get { return CurrentItem.Children.Cast<Item>(); }
        }

        protected void Page_Load(object sender, EventArgs e)
        {
            Response.Write("<hr>");
            ClearCache();
            PerformWorkSequential();
            ClearCache();
            PerformWorkParallel();
            Response.Write("<hr>");
        }

        private void ClearCache()
        {
            Sitecore.Caching.CacheManager.ClearAllCaches();
        }

        private void PerformWorkParallel()
        {
            using(new SectionTimer("Parallel running trough items", true))
            {
                var res = from i in Children.AsParallel<Item>()
                          where i.Appearance.Sortorder > 10
                          orderby i.DisplayName
                          select i;

                Parallel.ForEach<Item>(res, delegate(Item i) { Response.Write(i.DisplayName + "<br />"); });
            }
        }

        private void PerformWorkSequential()
        {
            using (new SectionTimer("Sequential running trough items", true))
            {
                var res = from i in Children
                          where i.Appearance.Sortorder > 10
                          orderby i.DisplayName
                          select i;

                foreach (Item item in res)
                {
                    Response.Write(item.DisplayName + "<br />");
                }
            }
        }

What does it do? It makes sure that the cache is cleared and then it runs trough the children of the current item, select the ones which have a Sortorder which is greater then 10 and write the output the the Response-buffer.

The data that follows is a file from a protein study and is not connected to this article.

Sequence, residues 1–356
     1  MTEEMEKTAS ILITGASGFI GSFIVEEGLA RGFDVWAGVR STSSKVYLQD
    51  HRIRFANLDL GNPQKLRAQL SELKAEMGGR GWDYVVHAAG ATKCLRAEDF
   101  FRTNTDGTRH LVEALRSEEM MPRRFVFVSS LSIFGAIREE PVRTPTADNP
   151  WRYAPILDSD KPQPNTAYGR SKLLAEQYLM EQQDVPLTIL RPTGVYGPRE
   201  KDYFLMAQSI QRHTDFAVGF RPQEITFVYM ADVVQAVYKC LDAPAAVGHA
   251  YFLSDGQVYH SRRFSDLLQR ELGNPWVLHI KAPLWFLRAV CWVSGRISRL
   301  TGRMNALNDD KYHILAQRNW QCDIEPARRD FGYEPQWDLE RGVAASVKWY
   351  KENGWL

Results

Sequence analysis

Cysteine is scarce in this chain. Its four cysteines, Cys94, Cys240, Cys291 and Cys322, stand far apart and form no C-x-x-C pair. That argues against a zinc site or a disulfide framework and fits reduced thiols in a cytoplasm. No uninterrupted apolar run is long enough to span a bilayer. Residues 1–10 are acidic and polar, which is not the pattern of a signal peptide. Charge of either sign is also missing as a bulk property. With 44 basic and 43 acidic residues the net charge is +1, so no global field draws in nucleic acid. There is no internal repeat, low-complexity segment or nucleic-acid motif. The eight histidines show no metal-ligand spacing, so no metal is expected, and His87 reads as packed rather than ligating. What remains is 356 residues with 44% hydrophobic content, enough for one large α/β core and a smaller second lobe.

The result is amazing. In all cases, the Parallel query is executed faster. Here’s a short list of the result in ms I’ve seen:

Sequential Parallel
960.3 * 40.5
57.1 32.3
49.3 35.8
55.1 24.6
53.1 47.1
47.7 28.4
49.2 33.1
52.0 33.9

* = First run, the underlaying dataproviders also had to initialize so this result might not be very useful.

To make sure that the results are not influenced by the order in which way the data is called, I’ve done the same with the parallel first:

Parallel Sequential
290* 59.7
32.1 48.6
32.5 51.5
33.4 53.5
30.3 57.2
31.7 53.9
30.5 51.6
33.0 51.4

Overall, minus the highest and the lowest score, the Parallel processing is done 20ms faster then the sequential(33ms against 53ms). An impressive result, don’t you think? Even more when you look at the initialization results and when you keep in mind that I’m working on a simplistic developer notebook. I expect the results on a quad core server with a bunch of data to be even more significant.

Well, that’s nearly it for now. This small test took me more time then expected.

For additional info about PLINQ, visit the Parallel computing center at MSDN. Some other resources:

  • Parallel Extensions to the .NET Framework Team Blog
  • MSDN Forum for Parallel Extensions to the .NET Framework
  • Parallel Extensions to the .NET Framework Connect site
  • And for those who are really interested the how and why’s about concurrency. Read ‘the free lunch is over’ by Microsoft’s C++ Architect, Herb Stutter. Also mention these two blogpost when you’re interested in the CTP as it describes the issues with the current CTP of PLINQ.